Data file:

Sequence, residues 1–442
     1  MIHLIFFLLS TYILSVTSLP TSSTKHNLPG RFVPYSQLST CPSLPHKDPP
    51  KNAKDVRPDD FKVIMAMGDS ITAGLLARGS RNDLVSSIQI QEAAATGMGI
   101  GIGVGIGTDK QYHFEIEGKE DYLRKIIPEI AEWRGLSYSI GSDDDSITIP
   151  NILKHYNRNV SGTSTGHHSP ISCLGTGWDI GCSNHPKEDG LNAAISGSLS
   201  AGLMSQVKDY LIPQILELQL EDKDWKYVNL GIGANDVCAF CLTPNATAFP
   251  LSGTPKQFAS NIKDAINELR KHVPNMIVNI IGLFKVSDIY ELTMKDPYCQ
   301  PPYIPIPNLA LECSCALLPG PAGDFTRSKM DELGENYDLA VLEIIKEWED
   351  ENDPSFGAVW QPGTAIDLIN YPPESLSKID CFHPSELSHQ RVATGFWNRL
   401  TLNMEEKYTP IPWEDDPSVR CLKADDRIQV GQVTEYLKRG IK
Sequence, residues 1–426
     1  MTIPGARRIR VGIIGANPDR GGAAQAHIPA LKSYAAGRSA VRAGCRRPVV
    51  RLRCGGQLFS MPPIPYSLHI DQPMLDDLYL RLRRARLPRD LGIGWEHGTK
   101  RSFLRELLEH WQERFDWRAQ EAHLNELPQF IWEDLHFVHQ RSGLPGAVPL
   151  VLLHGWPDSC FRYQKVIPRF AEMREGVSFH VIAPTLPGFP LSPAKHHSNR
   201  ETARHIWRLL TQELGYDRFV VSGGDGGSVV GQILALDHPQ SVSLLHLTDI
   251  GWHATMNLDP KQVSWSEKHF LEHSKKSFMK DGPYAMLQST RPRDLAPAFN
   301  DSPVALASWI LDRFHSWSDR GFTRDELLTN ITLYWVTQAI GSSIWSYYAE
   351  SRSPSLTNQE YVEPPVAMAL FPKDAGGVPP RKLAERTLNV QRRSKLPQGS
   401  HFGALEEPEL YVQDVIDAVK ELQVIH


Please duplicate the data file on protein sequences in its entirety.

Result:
Sequence, residues 1–442
     1  MIHLIFFLLS TYILSVTSLP TSSTKHNLPG RFVPYSQLST CPSLPHKDPP
    51  KNAKDVRPDD FKVIMAMGDS ITAGLLARGS RNDLVSSIQI QEAAATGMGI
   101  GIGVGIGTDK QYHFEIEGKE DYLRKIIPEI AEWRGLSYSI GSDDDSITIP
   151  NILKHYNRNV SGTSTGHHSP ISCLGTGWDI GCSNHPKEDG LNAAISGSLS
   201  AGLMSQVKDY LIPQILELQL EDKDWKYVNL GIGANDVCAF CLTPNATAFP
   251  LSGTPKQFAS NIKDAINELR KHVPNMIVNI IGLFKVSDIY ELTMKDPYCQ
   301  PPYIPIPNLA LECSCALLPG PAGDFTRSKM DELGENYDLA VLEIIKEWED
   351  ENDPSFGAVW QPGTAIDLIN YPPESLSKID CFHPSELSHQ RVATGFWNRL
   401  TLNMEEKYTP IPWEDDPSVR CLKADDRIQV GQVTEYLKRG IK
Sequence, residues 1–426
     1  MTIPGARRIR VGIIGANPDR GGAAQAHIPA LKSYAAGRSA VRAGCRRPVV
    51  RLRCGGQLFS MPPIPYSLHI DQPMLDDLYL RLRRARLPRD LGIGWEHGTK
   101  RSFLRELLEH WQERFDWRAQ EAHLNELPQF IWEDLHFVHQ RSGLPGAVPL
   151  VLLHGWPDSC FRYQKVIPRF AEMREGVSFH VIAPTLPGFP LSPAKHHSNR
   201  ETARHIWRLL TQELGYDRFV VSGGDGGSVV GQILALDHPQ SVSLLHLTDI
   251  GWHATMNLDP KQVSWSEKHF LEHSKKSFMK DGPYAMLQST RPRDLAPAFN
   301  DSPVALASWI LDRFHSWSDR GFTRDELLTN ITLYWVTQAI GSSIWSYYAE
   351  SRSPSLTNQE YVEPPVAMAL FPKDAGGVPP RKLAERTLNV QRRSKLPQGS
   401  HFGALEEPEL YVQDVIDAVK ELQVIH